What does your recovery look like? I'm currently in an association called Les Résilientes, based in Paris which helps victims from rape, and I found a second family here through their peer support and friendship. I have found one of my best friends here through the group.
My job is really my passion and has been a driving factor in my recovery. I created PageantNews six years ago, and I am so blessed to be able to do this full time now. I’m also an Instagram influencer (@louisegln). So, my professional life is about photo shoots, managing PageantsNews, the Instagram program and, really, it's amazing I can't dream of a better thing!
Where are you now?
It’s still so difficult for me to talk about. It took a lot of time for me to be able to talk about this even with these friends, because of survivors’ guilt. One of our friends lost her sister in the Bataclan attacks, so for me, it was hard to process my feelings, I was like, "I am still alive, I can't complain..."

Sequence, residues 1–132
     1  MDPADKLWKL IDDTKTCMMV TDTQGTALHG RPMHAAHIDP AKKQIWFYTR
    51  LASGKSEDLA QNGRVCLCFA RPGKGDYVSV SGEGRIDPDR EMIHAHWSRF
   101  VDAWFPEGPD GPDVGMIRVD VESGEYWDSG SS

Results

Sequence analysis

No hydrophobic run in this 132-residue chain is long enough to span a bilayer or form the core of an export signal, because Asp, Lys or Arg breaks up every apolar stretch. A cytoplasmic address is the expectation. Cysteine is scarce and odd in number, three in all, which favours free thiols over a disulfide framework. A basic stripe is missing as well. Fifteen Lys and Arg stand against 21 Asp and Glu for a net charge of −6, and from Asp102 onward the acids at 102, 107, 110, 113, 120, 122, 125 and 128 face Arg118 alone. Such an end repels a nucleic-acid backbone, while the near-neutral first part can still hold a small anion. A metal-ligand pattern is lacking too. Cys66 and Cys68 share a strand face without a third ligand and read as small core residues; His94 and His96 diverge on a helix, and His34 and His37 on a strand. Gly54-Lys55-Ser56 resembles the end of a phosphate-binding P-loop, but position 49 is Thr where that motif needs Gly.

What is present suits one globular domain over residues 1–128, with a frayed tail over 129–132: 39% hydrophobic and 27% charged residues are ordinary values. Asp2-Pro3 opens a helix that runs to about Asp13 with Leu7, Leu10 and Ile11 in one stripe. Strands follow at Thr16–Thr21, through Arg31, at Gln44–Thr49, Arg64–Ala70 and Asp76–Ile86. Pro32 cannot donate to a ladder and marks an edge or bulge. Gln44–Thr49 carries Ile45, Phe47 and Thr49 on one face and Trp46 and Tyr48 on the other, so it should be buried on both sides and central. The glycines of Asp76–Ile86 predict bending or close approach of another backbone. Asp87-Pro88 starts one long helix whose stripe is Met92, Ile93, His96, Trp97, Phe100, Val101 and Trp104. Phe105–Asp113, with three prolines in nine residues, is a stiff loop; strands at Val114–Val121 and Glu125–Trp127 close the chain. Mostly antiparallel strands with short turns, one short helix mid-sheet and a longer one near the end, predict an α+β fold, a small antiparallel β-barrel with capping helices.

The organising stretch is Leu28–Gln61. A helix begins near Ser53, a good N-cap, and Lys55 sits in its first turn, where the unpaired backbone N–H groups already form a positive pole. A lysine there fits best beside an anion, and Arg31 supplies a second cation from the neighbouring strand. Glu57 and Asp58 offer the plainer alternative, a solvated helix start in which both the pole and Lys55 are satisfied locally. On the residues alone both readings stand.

The most difficult part of healing has been with intimacy with men. I haven’t been able to have sex since my attack, as though my body has been blocked. I’m still struggling with how to have loving relationships with sex and intimacy. But, I think this is totally normal for someone who has gone through what I’ve gone through and a normal part of the healing process.
Update: Since the article posted, Louise has been able to transition off of her antidepressants medications and will begin EMDR therapy in September. She's feeling much better and feels this is a big step for her.
One piece of advice you would give someone in a situation like yours trying to decide whether or not to seek care:
Get the help you need by seeing a psychiatrist and seek help with associations. I think that the most important thing is to find people who truly understand your feelings. Unfortunately, your family or friends may never be able to understand what a rape or your recovery feels like unless they lived through this situation themselves. I, personally, found a second family with the association, and an incredible team of strong women. When I have bad moments, I tell them because they truly understand instead of my family or my friends who may have trouble connecting with my experience.